“They’re in your room. The equipment you requested has been set up in one of the spare rooms,” Trent says and points to the door. “Well, that’s as far as I’ll go.”
That’s a strange statement. I can’t help but wonder whether his son has imposed a ban on his own father who seems like such a nice man.
Then again, I’ve never seen a bull-riding injury before. But from what I’ve gathered from Trent, Cash can’t move around a lot. Men in his age group, particularly the successful ones, don’t take any kind of injuries too well and they tend to lash out because of it.
“I’ll take it from here, thank you,” I say.
“Thanks for coming,” Trent says for the umpteenth time, his warm tone brimming with gratitude.
I reward him with my most reassuring smile and wave at him as I watch him drive off to the sound of screeching tires and the smell of whirled-up dust.
Dragging my suitcase behind me, I try the door and to my surprise, find it unlocked. Living in Chicago, unlocked doors, vast pastures, and a country house the size of a mansion isn’t what I’m used to. Even the weather seems to smile down on me. I’ve never been to Montana but I can already tell it’s going to be a beautiful few months. So what if the house owner’s said to be a bit cranky?
I drag my suitcase through the open door and slam it behind me.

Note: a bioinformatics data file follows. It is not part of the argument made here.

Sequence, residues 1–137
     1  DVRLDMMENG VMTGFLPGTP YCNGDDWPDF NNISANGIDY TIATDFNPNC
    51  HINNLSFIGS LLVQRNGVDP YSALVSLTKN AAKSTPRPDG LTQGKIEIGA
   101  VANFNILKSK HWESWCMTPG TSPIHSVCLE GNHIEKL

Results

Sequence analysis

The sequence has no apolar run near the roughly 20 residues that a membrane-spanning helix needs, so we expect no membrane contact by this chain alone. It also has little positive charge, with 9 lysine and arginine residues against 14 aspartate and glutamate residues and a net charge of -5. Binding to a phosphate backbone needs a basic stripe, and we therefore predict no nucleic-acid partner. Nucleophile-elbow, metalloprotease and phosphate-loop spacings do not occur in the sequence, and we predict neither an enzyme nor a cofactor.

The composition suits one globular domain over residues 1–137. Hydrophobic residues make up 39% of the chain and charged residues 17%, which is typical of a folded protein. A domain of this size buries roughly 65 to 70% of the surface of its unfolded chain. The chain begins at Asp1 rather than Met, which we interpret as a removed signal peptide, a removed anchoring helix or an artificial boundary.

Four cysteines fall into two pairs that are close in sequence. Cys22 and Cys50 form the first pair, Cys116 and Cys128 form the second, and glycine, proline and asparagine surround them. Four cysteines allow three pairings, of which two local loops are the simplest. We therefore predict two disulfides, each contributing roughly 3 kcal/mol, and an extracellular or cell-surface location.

The house is eerily silent. I’m standing in a generously sized hall, which stretches into a vast living area with wood beams and a fresco-painted, coffered ceiling. The furnishing is modern—plush white sofas that lack the female touch of cushions and comfy throws.
I instantly feel at home, and I’m already seeing myself filling vases with the wildflowers growing all around the black iron wrought-iron fence.
Flowers are good for the soul and a great aid in speeding up a client’s recovery.
I leave my suitcase in the hall and breeze from room to room to familiarize myself with my surroundings. A smaller, more casual living room opens into a generous and perfectly trimmed backyard. The massive kitchen is outfitted with marble countertops and dark wood cabinetry, and offers a stunning view of the mountains stretching in the distance. Right next to the library stuffed with bookcases and books are two doors, one ajar and one closed. I peek through the open door and find a bedroom dominated by a large, four-poster bed. On top of the spread are fresh towels, a thin folder containing medical files, and an envelope addressed to “the new girl.”
Leaving my suitcase in the doorway, I sit down on the bed and pull a note out of the envelope.